Milk Soap: Wash, paro, sllce and parboil one pound of potatoes; pour away the water; skin and scald two onions, chop them; place tlic potatoes, onions, ono teaspoonfu] of salt and half a teaspoonfu] of pepp?r in a stewpan, with one qna.it of eold water; bringto i boil aad boil (ill quite xoft (about a lialfhüur,) crush the potatoes and onions witli a spoon till smnoth, and onequart of new milk and one ounce of crushed sago; stii' continually til! t boils, then boíl for ten minutes. This soup may be made richer by adding one ounce of butter or dripping to the quart of cold water; also by putting a yolk of an e.gg, well beaten, into the tureen, and miing tlie cookwI soop slowly witli it. ïhe soup must be off the boil, or the egg will curdle. Mince-Meat for Pie: Shred and chop very flne two pounds of beef suet; by dredgiag the suet oecasionally with ilour it chopa imieh more easily and doesnot elog; boilslowly, Imt tñoronghly, two pounds of lean round of beef and chop fine (mix all the ingrediente as they are prepared); stone and cut (ine two pounds of raisins; wash and piek two pounds of currante; eut fine half a pound of citrón; chop two pounds of apples, weighing them after they have heen peeled aud cored; a tablespoonful of salfc, afoaspoonfalof ground cinnamon, a srrated nutmec. full of allspice, half as much clovee, half an ounce of essence of almonds, a pint of brandy, and a pint of eider. TJiis may be kept in a cool place all winter. Il' too dry add more eider. Farmesan Pudding: I flnd thia a good substitute for macear oni: Take one pound of Indian meal, mix it with a tablespoonful of snit, and boil it, Iiaving the water on the full boil; jut in ene mea! and salí, a tablespoonful at a bime; star it all the time until cooked; water necessary, about one and threequarter quarts; it ouglit (o be cooked in Bfteen minutes; when it is cooked, pour into it three-quarters of a pound oí onlinary cheese, witli a tablespoohful of parmesan grated fine; the hot íneal ought to melt all the cheese; take a baking dish of earthenware or tin, and, liaving buttered it, pour in the mixture; put on top cracker-crumb and bake to a light brown; it ought not to lic too thick in the pan, so use a rather shallow ojie.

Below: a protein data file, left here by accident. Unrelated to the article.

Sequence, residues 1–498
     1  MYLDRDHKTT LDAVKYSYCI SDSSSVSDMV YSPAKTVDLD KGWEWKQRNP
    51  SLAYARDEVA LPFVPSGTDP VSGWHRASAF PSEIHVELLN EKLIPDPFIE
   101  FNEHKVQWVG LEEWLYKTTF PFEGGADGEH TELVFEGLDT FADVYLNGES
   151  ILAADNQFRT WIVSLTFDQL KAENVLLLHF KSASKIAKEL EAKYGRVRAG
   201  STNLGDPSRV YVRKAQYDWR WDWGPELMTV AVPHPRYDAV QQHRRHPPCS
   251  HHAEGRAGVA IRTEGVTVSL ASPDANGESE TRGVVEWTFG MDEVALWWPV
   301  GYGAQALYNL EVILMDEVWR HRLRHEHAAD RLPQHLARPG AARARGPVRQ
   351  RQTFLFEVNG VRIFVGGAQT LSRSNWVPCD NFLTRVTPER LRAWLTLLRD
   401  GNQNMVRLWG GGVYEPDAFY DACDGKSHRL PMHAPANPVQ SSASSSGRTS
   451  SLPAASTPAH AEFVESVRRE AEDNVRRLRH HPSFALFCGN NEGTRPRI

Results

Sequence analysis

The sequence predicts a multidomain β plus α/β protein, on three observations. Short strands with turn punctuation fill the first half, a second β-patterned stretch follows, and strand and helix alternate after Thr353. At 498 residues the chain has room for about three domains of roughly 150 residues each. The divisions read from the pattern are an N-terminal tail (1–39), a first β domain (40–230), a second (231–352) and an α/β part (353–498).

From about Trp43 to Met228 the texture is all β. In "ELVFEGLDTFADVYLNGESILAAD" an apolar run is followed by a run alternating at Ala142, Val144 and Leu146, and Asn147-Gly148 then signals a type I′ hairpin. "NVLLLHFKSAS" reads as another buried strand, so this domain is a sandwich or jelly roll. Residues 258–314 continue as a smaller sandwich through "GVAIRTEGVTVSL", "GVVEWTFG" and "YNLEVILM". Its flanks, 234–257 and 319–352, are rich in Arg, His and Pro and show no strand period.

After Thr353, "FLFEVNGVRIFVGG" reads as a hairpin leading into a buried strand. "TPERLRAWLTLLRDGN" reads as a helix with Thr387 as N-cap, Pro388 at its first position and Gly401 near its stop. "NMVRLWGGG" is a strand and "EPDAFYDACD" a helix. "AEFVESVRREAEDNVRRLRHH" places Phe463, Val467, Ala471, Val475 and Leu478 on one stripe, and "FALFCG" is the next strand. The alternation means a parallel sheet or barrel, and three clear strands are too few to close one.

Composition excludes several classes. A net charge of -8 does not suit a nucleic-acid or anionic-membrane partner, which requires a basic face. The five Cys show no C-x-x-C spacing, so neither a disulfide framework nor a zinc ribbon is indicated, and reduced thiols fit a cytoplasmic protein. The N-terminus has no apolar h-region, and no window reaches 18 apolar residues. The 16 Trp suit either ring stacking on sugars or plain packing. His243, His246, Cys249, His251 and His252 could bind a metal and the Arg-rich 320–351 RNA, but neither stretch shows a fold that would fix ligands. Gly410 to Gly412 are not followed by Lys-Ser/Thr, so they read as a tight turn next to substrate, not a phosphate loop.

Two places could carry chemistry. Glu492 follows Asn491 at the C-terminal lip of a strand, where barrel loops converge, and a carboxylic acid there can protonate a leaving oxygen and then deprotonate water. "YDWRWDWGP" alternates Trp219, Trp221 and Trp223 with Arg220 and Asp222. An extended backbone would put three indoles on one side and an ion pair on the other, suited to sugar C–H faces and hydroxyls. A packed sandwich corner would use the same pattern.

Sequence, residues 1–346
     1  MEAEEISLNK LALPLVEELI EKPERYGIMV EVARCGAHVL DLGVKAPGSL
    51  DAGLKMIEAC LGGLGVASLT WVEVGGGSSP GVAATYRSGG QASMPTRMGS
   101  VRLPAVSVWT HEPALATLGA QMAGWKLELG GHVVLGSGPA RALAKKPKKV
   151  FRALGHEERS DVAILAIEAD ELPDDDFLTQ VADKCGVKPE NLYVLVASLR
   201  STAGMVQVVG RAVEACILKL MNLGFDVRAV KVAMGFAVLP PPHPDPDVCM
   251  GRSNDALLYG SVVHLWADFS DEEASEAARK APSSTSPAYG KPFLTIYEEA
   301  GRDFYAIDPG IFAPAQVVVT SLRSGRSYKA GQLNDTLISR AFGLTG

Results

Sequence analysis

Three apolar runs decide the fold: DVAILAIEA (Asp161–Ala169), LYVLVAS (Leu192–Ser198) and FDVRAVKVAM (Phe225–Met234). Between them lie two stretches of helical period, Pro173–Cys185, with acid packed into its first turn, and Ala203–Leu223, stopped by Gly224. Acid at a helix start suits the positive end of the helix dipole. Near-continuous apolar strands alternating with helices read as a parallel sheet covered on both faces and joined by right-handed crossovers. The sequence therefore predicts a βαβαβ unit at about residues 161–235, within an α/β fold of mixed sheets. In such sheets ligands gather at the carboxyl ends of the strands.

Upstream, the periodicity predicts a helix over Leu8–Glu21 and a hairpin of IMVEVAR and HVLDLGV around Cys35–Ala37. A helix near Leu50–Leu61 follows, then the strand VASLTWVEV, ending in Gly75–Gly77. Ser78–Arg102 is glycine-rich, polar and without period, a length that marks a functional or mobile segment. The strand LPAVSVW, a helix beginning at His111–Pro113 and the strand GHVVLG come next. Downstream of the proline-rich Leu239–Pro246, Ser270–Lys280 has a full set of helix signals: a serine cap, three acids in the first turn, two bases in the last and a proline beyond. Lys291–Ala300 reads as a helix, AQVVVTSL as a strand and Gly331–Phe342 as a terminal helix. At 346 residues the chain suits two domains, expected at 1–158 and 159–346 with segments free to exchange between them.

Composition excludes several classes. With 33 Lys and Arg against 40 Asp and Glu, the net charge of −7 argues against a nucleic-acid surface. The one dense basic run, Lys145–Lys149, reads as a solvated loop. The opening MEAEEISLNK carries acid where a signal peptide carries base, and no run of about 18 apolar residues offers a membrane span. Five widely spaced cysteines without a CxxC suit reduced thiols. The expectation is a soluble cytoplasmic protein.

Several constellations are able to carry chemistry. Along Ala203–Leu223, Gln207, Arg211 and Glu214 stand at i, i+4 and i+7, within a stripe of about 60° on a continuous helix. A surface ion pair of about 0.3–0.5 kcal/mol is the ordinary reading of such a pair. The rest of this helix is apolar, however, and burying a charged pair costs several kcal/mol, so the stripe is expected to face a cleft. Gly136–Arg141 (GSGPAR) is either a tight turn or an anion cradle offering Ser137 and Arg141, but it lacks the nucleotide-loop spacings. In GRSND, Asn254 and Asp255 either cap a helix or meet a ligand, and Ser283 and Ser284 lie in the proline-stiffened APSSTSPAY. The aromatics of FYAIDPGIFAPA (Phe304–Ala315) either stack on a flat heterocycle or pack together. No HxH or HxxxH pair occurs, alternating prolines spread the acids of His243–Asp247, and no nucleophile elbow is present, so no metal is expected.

Ann Arbor Democrat